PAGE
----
Clinton irks blacks by aiding Emanuel
CHICAGO (AP) -- Former President Bill Clinton is coming to Chicago today to campaign for mayoral candidate Rahm Emanuel, but his visit is the cause of some controversy.
While the former White House chief of staff hopes Clinton can persuade voters to cast their ballots for him Feb. 22, a former mayoral contender has warned that Clinton is risking his popular standing with the African-American community by backing Emanuel rather than a black candidate.
Clinton and Emanuel are scheduled to appear this morning at the Chicago Cultural Center.
Emanuel is among about a dozen names on the mayoral ballot. Three of his rivals -- former U.S. Sen. Carol Moseley Braun, former schools president Gery Chico and City Clerk Miguel del Valle -- have emphasized their deep city roots while claiming Emanuel is more of a Washington insider. Braun has the support of many black leaders in the city.
Emanuel worked for Clinton during the 1990s, first as a top campaign staffer and then as a senior adviser.
Only 35% in poll see better race relations
WASHINGTON -- Despite high public expectations that the Obama presidency would improve race relations, barely more than a third of Americans now say his tenure has made things better in this area, according to a new Washington Post-ABC News poll.
Overall, 35 percent say President Obama has helped race relations, down from 58 percent who, in January 2009, expected them to improve as a result of the country's having its first black president. And blacks and whites continue to have starkly different assessments about how African-Americans are faring in the United States when it comes to the racial equality championed by the Rev. Martin Luther King Jr.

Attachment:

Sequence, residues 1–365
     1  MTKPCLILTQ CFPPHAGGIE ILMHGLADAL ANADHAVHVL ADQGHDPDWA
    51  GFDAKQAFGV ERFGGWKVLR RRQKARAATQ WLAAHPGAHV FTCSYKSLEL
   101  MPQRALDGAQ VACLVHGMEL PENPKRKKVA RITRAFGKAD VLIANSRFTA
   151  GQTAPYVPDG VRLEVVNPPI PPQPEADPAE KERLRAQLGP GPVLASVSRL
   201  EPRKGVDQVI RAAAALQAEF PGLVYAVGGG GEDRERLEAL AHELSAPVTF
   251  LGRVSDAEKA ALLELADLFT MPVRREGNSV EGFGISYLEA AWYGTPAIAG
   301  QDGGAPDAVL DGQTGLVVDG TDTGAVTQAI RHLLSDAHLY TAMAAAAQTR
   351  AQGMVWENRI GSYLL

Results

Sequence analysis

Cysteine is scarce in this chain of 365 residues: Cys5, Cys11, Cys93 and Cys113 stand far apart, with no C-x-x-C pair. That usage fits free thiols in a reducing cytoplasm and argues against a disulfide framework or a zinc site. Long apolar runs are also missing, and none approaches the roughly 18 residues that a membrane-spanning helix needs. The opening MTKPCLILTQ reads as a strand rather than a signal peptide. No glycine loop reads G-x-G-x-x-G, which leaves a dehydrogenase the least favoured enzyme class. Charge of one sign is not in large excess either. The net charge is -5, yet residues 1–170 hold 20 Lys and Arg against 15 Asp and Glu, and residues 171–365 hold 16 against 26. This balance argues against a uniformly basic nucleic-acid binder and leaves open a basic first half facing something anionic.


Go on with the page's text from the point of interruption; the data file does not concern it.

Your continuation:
Almost half of whites say that blacks have achieved racial parity, up significantly since Obama's inauguration two years ago. By contrast, views among African-Americans have barely budged since Obama took office: Just 19 percent of blacks see a level playing field.
The telephone poll was conducted Thursday through Sunday among a random national sample of 1,053 adults.
-- Washington Post
First Peace Corps chief in critical condition
BETHESDA, Md. (AP) -- R. Sargent Shriver, former Peace Corps director and vice presidential nominee, was in critical condition Monday in a hospital, a family spokeswoman said.
Shriver, 95, was admitted Sunday to Suburban Hospital in Bethesda, the family said in an e-mail statement. No details were released. Shriver announced in 2003 that he had Alzheimer's disease.
He served as the first Peace Corps director in the administration of his brother-in-law, President John F. Kennedy. He also was Democrat George McGovern's running mate in 1972.
Shriver's wife, Special Olympics founder Eunice Kennedy Shriver, died in 2009 at age 88. He is also the father of former NBC reporter Maria Shriver, who is married to former California Gov. Arnold Schwarzenegger.